Convey Your Movements With Digi-Weirdo #WearableWednesday
What if clothing could do more than just relate your identity and protect you from the elements? Zhen Liu has higher aspirations, clothing that can convey emotions and movement. She is currently pursuing her Master’s degree in Interactive Telecommunications at NYU and decided to take her ideas to fabric, creating a t-shirt–Digi-Weirdo. The shirt uses LEDs and responds to movement, which allows for the possibility of patterns to communicate emotion.
I was exploring how to establish a statement of identity and guiding communication.
Basically through programming the wearer can create a visual language. The shirt uses a FLORA microcontroller, as well as it’s matching accelerometer to analyze body movements and translate them into a pattern for the LEDs.
It’s interesting to see Zhen’s original board for this concept, and you can clearly see how she starts with ideas communicated by clothing for youth, and then extends to something more interactive and personal. I specifically like her choice of the inverted triangle for the base of the LEDs, which adds to the idea of identity. This piece of fabric also provides a strong foundation for the LEDs so they aren’t affected by the stretch of the fabric.
Zhen has definitely had fun exploring communication with her shirt and it seems to be helpful when meeting people–it sparks conversation. This is just one example of her love of data.
When designing data visualization projects, I focus on making data powerful by exploring its deeper meaning and relationship with humanity. I also care about providing good user experience when letting them explore the data. It leads me into the concept of ‘Performing Data’ and ‘Living Data’.
I’m excited for Zhen and I’m looking forward to seeing her future data visualization projects. This shirt is definitely a great use of FLORA, and I can’t help but mention that this is a sound microcontroller for any wearables project. So, if you are involved with a project for your university or you just want to make a super awesome costume, this should be at the top of your parts list. The newest version includes a built in NeoPixel, so you can quickly create tests that result in a blinky colorful LED. That’s what I call a fun night. Get hacking!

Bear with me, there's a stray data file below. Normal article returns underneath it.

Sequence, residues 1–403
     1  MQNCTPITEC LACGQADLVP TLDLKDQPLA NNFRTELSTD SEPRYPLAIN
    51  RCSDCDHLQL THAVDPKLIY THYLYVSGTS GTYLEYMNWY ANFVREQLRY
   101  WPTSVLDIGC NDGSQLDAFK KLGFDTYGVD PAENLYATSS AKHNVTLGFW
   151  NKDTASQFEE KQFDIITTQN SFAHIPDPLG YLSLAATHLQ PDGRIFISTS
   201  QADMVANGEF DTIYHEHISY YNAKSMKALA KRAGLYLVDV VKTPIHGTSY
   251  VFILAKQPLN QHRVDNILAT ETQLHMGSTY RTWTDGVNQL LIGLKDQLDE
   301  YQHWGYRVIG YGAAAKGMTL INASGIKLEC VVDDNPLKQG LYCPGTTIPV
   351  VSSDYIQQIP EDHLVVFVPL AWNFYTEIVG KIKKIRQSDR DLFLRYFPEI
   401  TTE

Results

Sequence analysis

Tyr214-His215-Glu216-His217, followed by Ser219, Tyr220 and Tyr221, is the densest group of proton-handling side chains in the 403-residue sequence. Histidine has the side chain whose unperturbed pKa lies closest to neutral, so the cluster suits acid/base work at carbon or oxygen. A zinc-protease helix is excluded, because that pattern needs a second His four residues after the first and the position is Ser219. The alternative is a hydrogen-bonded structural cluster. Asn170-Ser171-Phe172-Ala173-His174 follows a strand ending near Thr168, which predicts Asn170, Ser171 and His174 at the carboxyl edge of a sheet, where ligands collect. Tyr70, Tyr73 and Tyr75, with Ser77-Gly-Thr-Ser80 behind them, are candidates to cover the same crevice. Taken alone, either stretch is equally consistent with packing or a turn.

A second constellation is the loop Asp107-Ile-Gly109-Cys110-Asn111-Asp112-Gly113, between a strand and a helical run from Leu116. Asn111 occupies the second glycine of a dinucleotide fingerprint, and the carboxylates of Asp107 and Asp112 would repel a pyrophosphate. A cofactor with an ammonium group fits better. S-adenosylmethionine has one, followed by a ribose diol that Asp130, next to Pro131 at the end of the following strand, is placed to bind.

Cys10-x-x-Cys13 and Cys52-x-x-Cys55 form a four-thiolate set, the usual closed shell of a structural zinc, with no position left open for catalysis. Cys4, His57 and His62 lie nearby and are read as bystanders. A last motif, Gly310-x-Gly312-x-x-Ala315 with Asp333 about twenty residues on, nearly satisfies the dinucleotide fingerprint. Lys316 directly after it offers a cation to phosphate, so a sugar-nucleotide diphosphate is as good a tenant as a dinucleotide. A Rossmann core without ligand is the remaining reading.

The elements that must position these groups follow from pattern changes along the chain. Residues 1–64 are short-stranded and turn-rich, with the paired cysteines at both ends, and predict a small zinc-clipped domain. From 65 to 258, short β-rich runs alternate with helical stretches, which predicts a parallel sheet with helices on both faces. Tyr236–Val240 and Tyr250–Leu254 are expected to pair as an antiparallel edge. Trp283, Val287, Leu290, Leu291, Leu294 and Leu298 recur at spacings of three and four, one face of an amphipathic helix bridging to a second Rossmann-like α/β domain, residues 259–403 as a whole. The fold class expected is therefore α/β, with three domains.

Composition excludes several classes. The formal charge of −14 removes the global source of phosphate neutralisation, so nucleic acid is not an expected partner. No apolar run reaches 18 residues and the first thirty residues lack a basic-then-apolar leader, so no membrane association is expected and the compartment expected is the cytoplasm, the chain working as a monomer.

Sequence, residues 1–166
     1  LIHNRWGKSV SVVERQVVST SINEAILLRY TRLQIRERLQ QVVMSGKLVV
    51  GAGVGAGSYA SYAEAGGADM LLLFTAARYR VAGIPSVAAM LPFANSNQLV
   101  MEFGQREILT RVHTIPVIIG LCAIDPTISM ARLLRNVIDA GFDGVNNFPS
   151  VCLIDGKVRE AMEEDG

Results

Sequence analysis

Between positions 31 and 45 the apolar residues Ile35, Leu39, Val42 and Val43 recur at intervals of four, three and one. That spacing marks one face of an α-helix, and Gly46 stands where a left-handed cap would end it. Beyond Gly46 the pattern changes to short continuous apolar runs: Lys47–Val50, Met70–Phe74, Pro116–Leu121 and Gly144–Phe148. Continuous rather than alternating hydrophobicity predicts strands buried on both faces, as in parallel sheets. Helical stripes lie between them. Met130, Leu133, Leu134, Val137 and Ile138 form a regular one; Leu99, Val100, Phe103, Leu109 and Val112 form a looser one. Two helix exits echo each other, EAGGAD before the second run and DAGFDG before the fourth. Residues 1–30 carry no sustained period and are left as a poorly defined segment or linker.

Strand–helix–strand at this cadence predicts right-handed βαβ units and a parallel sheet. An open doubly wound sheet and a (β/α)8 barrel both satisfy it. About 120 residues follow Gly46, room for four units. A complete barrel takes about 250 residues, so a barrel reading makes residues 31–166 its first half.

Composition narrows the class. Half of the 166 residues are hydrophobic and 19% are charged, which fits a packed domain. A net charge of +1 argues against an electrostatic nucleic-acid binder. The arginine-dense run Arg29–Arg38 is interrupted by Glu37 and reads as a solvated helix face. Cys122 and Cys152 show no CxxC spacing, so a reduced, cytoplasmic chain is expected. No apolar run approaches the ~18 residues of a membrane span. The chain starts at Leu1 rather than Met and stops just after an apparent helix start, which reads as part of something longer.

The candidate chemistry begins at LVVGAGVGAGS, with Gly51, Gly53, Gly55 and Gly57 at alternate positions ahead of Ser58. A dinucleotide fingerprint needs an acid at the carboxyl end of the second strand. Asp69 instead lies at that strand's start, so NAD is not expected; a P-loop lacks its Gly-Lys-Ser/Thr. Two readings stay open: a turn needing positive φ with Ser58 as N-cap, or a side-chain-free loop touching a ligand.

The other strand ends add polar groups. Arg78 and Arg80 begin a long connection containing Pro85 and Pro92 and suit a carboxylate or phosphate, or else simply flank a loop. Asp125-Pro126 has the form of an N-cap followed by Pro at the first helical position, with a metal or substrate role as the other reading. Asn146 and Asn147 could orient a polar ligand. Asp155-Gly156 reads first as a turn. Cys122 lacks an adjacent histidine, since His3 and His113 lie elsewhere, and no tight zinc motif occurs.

Adafruit publishes a wide range of writing and video content, including interviews and reporting on the maker market and the wider technology world. Our standards page is intended as a guide to best practices that Adafruit uses, as well as an outline of the ethical standards Adafruit aspires to. While Adafruit is not an independent journalistic institution, Adafruit strives to be a fair, informative, and positive voice within the community – check it out here: adafruit.com/editorialstandards
Stop breadboarding and soldering – start making immediately! Adafruit’s Circuit Playground is jam-packed with LEDs, sensors, buttons, alligator clip pads and more. Build projects with Circuit Playground in a few minutes with the drag-and-drop MakeCode programming site, learn computer science using the CS Discoveries class on code.org, jump into CircuitPython to learn Python and hardware together, TinyGO, or even use the Arduino IDE. Circuit Playground Express is the newest and best Circuit Playground board, with support for CircuitPython, MakeCode, and Arduino. It has a powerful processor, 10 NeoPixels, mini speaker, InfraRed receive and transmit, two buttons, a switch, 14 alligator clip pads, and lots of sensors: capacitive touch, IR proximity, temperature, light, motion and sound. A whole wide world of electronics and coding is waiting for you, and it fits in the palm of your hand.
Have an amazing project to share? The Electronics Show and Tell is every Wednesday at 7pm ET! To join, head over to YouTube and check out the show’s live chat – we’ll post the link there.